Barack Obama himself first became politically involved through exactly this process. It was during the campus anti-apartheid movement, when students at school after school pushed their administrations to divest from companies doing business in South Africa--an effort that Archbishop Desmond Tutu later credited as playing a critical role in securing his country's freedom. At Occidental College in Los Angeles, a former Green Beret and Vietnam Vet named Gary Chapman transferred in from a community college and created the Student Coalition Against Apartheid. The group held rallies and debates, showed documentaries, brought in speakers, circulated petitions, and marched on their local Bank of America branch. With the help of supportive professors, they even secured a unanimous faculty resolution to divest. But the college trustees--highly conservative Southern California business leaders--refused to go along.
Chapman had just graduated when Obama arrived at Occidental in the fall of 1979, and began working with the Student Coalition, which other students had kept going. Although Obama's role in the campaign was modest--he helped bring in touring speakers from the African National Congress, attended some organizing meetings, and spoke at a key rally--his involvement opened up a world in which he could connect his actions to his beliefs. Looking back, he credited this experience for laying the foundation for everything that followed, including his considering the vocation of community organizer. Had other students and faculty not taken the risk of standing up for what they believed--thus encouraging Obama's participation--he might never have started down the path that ultimately led to the presidency, and to all the possibilities that remain for it, and could still be realized if the rest of us become sufficiently involved.
None of us can predict when the causes we support will capture the popular imagination or enlist someone who goes on to do powerful work for justice. "Before water turns to ice," writes psychologist Joanna Macy, "it looks just the same as before. Then a few crystals form, and suddenly the whole system undergoes cataclysmic change." Paleontologist Stephen Jay Gould developed a theory he calls "punctuated equilibrium." Rather than occurring at a steady pace, evolution proceeds in fits and starts, Gould argued. Long stretches of relative stasis are followed by brief periods of intense transformation, when many new species appear and others die out. Although attempts to improve social and economic conditions usually proceed incrementally, it is impossible to foretell precisely when any of our endeavors will reach critical mass, and bear unexpected fruits.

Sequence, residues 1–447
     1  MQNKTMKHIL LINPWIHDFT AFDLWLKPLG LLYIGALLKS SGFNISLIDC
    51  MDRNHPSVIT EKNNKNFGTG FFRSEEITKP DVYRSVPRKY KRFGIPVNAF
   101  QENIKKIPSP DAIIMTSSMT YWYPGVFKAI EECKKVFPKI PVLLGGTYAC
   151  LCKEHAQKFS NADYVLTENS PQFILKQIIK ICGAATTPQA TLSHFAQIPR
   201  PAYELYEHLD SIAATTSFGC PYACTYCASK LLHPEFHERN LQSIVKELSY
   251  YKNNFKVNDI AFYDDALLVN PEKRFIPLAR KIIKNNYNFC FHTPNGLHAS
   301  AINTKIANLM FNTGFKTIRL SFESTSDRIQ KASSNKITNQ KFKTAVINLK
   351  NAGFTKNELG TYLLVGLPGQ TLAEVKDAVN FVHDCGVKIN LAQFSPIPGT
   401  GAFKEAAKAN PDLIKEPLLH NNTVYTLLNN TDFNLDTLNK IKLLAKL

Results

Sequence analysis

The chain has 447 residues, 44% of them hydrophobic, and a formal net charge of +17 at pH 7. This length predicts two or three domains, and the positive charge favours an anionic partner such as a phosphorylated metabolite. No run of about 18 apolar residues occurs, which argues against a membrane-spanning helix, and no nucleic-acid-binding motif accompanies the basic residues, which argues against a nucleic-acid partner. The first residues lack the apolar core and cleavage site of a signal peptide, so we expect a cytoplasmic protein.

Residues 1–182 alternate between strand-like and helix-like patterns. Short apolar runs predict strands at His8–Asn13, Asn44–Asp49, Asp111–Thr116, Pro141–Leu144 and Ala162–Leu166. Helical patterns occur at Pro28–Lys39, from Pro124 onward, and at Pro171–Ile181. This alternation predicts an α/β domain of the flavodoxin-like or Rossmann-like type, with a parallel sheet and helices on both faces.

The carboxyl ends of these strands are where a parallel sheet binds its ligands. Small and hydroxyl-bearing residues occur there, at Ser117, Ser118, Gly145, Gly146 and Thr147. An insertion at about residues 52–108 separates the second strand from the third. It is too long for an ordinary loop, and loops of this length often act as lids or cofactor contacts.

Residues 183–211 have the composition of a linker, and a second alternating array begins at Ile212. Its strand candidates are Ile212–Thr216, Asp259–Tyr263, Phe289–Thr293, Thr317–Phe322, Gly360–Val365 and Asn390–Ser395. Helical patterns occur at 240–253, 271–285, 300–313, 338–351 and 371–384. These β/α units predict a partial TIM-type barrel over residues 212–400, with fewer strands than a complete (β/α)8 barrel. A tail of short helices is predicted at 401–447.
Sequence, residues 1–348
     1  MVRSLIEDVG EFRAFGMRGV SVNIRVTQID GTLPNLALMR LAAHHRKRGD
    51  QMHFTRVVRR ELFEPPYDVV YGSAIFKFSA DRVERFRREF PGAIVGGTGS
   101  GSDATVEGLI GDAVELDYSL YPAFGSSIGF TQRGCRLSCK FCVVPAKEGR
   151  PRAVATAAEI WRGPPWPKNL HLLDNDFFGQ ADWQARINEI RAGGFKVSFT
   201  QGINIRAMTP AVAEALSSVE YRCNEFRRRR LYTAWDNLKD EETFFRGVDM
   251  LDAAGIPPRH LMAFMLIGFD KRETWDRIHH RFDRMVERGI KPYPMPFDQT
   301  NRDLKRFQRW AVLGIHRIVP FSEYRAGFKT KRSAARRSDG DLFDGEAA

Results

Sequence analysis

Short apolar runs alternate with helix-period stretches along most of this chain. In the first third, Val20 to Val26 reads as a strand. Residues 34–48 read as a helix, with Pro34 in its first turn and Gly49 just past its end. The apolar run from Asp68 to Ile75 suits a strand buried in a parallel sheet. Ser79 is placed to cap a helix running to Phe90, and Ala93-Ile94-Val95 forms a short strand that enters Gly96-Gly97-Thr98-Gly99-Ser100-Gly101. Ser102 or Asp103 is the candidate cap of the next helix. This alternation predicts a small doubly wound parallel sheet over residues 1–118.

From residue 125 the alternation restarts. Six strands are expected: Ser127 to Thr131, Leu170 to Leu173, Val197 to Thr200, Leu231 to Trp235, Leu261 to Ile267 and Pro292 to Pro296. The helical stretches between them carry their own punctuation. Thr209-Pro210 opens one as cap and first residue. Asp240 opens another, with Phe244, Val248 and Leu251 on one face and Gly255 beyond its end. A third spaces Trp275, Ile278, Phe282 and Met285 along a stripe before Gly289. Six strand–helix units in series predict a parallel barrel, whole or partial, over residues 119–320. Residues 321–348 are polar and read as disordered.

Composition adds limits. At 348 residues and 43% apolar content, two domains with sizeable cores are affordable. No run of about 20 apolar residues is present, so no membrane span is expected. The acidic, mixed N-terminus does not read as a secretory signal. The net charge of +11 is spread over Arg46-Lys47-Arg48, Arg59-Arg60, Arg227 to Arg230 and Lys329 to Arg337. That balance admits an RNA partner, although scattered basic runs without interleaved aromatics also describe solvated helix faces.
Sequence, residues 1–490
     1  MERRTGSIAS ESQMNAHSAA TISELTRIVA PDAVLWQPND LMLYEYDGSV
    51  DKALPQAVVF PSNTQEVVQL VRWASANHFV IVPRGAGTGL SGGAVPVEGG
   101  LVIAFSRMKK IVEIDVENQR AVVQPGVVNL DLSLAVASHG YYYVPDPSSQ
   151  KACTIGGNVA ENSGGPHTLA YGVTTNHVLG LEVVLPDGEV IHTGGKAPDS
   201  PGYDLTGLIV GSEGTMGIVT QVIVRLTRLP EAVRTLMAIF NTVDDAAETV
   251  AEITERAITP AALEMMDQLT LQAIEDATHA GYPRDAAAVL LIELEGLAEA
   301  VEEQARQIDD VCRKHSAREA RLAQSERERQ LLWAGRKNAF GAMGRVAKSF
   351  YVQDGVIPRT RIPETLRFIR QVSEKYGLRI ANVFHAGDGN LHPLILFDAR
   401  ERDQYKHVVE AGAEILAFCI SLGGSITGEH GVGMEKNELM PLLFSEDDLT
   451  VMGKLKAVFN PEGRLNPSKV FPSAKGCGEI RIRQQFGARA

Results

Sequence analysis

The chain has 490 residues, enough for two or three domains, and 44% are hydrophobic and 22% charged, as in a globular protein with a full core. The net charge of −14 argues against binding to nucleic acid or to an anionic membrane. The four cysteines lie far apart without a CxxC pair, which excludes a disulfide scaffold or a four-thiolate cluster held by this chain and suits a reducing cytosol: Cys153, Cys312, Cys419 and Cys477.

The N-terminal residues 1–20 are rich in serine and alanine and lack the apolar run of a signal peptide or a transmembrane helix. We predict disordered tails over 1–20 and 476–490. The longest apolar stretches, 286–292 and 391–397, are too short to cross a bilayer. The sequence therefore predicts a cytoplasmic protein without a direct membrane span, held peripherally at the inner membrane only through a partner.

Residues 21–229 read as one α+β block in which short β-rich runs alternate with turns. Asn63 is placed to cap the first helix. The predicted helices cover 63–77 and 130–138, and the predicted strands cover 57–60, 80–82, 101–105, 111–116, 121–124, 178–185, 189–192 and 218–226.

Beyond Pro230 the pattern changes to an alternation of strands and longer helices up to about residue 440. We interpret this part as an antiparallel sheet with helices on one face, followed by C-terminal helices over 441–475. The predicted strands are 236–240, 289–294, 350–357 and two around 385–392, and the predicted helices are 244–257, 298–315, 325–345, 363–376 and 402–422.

The chains of influence created by this stream of human courage almost always have humble beginnings. A few years ago I heard a talk by Wangari Maathai, the Kenyan Nobel Peace Prize winner. She described attending a small Catholic college in Atchison, Kansas, where she engaged in conversations about social justice that were critical to her transformation into a social activist. Both fellow students and faculty opened up new worlds to her. They got Maathai thinking about what needed to be done and what she could do. After returning to Kenya to become the first East African woman to get her Ph.D. at the University of Nairobi, she founded the Green Belt Movement, which has planted 40 million trees in an effort to reduce soil erosion. She also challenged the dictatorship of Daniel Arap Moi, demanding multi-party elections and an end to political corruption. The government imprisoned and violently attacked her, but a year after Maathai won the Peace Prize she was elected the first president of the African Union's Economic, Social and Cultural Council. None of this would have happened, she said, were it not for the conversations with those who'd inspired her when she was in college. As I listened, I wondered what it would be like to have a young Wangari Maathai or Barack Obama sitting next to you, and discovering years later that you'd helped set them on their path.
Adapted from the wholly updated new edition of "Soul of a Citizen: Living with Conviction in Challenging Times" by Paul Rogat Loeb (St Martin's Press, publication date April 5, 2010, $16.99 paperback). With over 100,000 copies in print, "Soul" has become a classic guide to involvement in social change. Howard Zinn calls it "wonderful...rich with specific experience." Alice Walker says, "The voices Loeb finds demonstrate that courage can be another name for love." Bill McKibben calls it "a powerful inspiration to citizens acting for environmental sanity."